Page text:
“In sending over 12 billion emails…we’ve seen good senders land in the spam folder when accidentally using words heavily used by spammers,” says Anthony Marnell, Mailjet’s VP, North America. “We compiled a sample of words from these findings to help senders improve deliverability when crafting email copy.”
So, before you tell prospective customers that they can “sign up free today” for a “month trial offer” to test a “marketing solution” that will “increase traffic” or “increase sales,” or offer “congratulations” or a “discount” to customers, be sure to consider the likelihood that spam bells may ring.
This article, image and chart comes with thanks, from Ginger Conlon, Editor-in-Chief Direct Marketing News. DMNews.com is a great resource for marketers and I highly recommend you take a look at what they offer.
Thank you Ginger for bringing us this cautionary warning!
You get just 90 seconds to make an impression – a statistic we all know.
But were you aware that of that 90 seconds more than 62 seconds of that revolves around what colors you use?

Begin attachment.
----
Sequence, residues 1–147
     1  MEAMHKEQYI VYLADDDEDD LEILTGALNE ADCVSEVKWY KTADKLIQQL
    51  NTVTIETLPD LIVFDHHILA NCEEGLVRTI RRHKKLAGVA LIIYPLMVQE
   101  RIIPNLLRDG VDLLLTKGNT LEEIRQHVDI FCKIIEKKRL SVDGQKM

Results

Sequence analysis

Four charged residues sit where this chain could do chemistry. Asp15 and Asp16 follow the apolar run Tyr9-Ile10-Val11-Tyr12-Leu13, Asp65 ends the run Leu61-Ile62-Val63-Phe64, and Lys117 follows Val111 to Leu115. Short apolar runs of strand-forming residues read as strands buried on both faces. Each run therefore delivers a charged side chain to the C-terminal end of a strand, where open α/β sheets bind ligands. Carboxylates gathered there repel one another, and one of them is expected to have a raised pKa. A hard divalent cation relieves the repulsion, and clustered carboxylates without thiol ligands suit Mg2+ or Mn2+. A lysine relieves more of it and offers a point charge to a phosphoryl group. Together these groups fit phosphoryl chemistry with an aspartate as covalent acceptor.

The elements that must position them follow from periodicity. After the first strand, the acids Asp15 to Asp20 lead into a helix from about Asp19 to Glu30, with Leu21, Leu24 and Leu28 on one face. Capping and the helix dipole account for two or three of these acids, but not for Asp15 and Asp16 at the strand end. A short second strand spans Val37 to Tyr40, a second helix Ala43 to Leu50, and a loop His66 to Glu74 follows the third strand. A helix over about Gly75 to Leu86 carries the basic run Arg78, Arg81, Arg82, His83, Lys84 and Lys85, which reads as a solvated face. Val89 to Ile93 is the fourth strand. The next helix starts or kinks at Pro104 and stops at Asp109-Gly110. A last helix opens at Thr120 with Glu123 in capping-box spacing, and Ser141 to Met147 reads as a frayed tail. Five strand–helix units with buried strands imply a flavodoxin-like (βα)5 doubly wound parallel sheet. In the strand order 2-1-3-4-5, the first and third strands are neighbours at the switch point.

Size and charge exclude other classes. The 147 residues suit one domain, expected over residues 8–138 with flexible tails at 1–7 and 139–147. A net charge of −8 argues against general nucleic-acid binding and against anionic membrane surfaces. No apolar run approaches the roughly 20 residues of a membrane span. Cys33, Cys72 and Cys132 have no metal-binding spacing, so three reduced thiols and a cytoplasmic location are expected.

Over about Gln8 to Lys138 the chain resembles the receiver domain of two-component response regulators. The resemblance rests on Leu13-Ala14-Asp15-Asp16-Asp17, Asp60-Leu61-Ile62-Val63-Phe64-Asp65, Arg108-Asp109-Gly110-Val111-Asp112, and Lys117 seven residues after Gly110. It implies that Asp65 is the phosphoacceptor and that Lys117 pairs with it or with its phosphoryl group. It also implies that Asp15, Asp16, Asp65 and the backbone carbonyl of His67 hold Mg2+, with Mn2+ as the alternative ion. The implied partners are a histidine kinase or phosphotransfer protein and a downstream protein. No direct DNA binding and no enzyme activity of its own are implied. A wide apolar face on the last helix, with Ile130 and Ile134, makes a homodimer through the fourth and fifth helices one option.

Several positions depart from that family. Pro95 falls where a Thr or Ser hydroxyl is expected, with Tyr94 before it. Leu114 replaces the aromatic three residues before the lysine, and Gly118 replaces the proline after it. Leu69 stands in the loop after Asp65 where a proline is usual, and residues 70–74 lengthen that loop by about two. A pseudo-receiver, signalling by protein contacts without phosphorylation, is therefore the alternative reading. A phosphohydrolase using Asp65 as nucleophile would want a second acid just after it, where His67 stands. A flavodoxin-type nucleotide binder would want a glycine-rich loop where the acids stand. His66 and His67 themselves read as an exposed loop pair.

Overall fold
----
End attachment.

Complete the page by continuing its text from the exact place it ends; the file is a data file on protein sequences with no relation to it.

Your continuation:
Wow! Holy marketing! If ever there was one sentence to justify why a marketing expert should be involved from logo, to website, packaging and everything in between that visually represents a company – this is it. It all boils down to seconds.
Over the last year I have written blogs that demonstrated what each color represents in the psychology of color and how other corporations are utilizing each color. If you missed them just look back at earlier blogs about purple, red, green, yellow, blue and orange too.
What color is the logo of the organization you represent? Do you share qualities with other brands of the same color?
According to Fast Company. “The implications of color’s effect on people’s emotions are far reaching, and understanding your customers’ connections to certain colors could increase the effectiveness of your company’s branding methods.
Research complied by web design and marketing company WebPageFX, people make a subconscious judgment about a product in less than 90 seconds of viewing, and a majority of these people base that assessment on color alone. In fact, almost 85% of consumers cite color as the primary reason they buy a particular product, and 80% of people believe color increases brand recognition.”